It is promising and interesting that operators are starting to place their M2M bets differently now. With different approaches and offerings we will have more choices and constellations which will serve customers better and speed up the creation of the Internet of Everything.


Plumbing or solutions?

March 6, 2014

PipesDevice connectivity platforms for mobile operators have been discussed for years. There have been two primary platforms on the market – Ericsson and Jasper – with Ericsson more focused on the ability for the operator to manage M2M business efficiently and Jasper having been more focused on adding solution partners to their platform thus to their mobile operator customers. Up until now most mobile operators have had one of these platforms and in many cases an in-house alternative somewhere. But at MWC Telenor Connexion announced that they add Jasper to their Ericsson platform (once acquired from Connexion). According to Per Simonsson, CEO at Telenor Connexion: “Deploying services from the two leading platform providers ensures greater flexibility and enables us to collaborate with new partners and operators in global deployments“. I believe Telenor Connexion has a clever long-term strategy to become technology agnostic when it comes to platforms and bearer technologies in order to get a strong position for global business and to become flexible in supporting customer’s changing needs over time.

This announcement caused some stress here and there since some operators used the situation of being the only Jasper customer in a market as a differentiator. This is of course not a sustainable way to create a position in a market and it was only a matter of time until the opportunity would have been gone anyway.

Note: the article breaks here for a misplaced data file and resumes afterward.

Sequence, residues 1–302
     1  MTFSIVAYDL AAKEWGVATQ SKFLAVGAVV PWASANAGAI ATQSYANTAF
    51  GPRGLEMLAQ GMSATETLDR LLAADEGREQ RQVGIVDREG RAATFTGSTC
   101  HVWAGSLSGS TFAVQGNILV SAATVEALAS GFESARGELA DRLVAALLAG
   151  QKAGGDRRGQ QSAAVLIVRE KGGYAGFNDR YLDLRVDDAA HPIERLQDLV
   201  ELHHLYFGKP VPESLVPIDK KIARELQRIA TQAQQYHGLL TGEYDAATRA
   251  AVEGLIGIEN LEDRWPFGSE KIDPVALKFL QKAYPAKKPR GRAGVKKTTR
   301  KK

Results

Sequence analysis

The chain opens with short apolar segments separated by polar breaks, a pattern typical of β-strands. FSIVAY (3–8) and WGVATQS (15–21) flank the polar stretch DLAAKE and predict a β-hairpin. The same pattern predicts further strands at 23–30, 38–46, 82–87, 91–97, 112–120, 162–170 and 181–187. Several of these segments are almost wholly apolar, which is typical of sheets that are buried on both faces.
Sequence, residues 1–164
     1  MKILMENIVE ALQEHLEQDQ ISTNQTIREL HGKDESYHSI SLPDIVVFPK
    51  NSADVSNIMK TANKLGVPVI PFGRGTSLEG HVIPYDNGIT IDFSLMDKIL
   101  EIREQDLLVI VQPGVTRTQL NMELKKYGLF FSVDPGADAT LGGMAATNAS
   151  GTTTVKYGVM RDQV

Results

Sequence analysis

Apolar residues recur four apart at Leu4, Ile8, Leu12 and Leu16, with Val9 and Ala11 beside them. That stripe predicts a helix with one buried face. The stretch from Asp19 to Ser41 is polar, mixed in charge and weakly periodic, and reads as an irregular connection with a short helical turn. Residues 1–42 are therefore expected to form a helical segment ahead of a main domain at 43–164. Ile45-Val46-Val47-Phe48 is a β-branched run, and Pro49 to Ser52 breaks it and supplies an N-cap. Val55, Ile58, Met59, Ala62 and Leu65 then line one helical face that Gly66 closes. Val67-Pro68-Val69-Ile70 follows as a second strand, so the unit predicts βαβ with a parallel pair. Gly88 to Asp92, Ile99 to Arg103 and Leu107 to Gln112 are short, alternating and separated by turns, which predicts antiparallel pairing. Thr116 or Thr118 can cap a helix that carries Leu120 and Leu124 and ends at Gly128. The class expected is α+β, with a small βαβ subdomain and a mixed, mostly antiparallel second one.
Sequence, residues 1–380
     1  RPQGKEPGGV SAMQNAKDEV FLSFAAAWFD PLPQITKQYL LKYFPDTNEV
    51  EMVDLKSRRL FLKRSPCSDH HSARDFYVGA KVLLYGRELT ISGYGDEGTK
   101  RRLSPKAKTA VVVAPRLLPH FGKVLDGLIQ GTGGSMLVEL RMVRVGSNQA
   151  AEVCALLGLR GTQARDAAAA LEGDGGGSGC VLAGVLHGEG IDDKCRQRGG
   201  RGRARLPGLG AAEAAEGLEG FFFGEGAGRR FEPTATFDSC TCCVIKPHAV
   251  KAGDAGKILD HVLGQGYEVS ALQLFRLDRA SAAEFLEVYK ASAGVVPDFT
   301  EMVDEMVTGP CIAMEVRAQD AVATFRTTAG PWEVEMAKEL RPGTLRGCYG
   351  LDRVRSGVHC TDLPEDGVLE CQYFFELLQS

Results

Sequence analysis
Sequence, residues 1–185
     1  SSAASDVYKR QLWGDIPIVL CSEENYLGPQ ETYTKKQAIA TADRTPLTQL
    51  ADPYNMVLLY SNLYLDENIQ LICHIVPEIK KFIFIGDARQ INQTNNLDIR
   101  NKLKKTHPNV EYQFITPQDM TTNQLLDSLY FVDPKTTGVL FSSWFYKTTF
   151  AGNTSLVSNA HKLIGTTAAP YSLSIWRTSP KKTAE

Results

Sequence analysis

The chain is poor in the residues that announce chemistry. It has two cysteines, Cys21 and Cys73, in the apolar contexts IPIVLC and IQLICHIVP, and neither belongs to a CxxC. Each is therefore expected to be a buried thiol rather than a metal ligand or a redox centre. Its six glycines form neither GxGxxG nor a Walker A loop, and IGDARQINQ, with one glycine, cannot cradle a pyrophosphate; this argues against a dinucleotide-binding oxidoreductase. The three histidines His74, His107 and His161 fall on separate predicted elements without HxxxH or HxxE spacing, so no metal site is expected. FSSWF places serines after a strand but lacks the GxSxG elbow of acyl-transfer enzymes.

I have always argued that mobile operators should refrain from a GSM-only approach in M2M and that they should be aware that Jasper’s business model is quite comparable with an MVNO from the operator’s point of view: The operator get some additional traffic but might loose the relationships with partners and customers and once and for all become a pure connectivity provider. Nothing necessarily wrong with that but most mobile operators active in M2M state that they don’t want to become just a connectivity provider. Yesterday I read that Jasper is launching the world’s first commercial end-to-end Global SIM product based on Giesecke & Devrient (G&D) technology. It’s is aimed at the IoT market and will allow enterprises to remotely manage embedded SIMs over the air (OTA).

The ability to change operator over-the-air is a necessity in M2M and I saw a GSMA demo at MWC 2012 demonstrating this. Mobile operators who don’t have the ability to go down the verticals and applications in M2M thus “outsource” partnership and business development, might be stuck with plumbing when the OTA provisioning is in place. I see only two main roads ahead for operators (including the M2M MVNOs): invest and get engaged in applications, solutions and verticals or provide the connectivity. And anyone getting involved in applications and solution, service enablers or operators, need to use a connectivity agnostic approach like Telenor Connexion.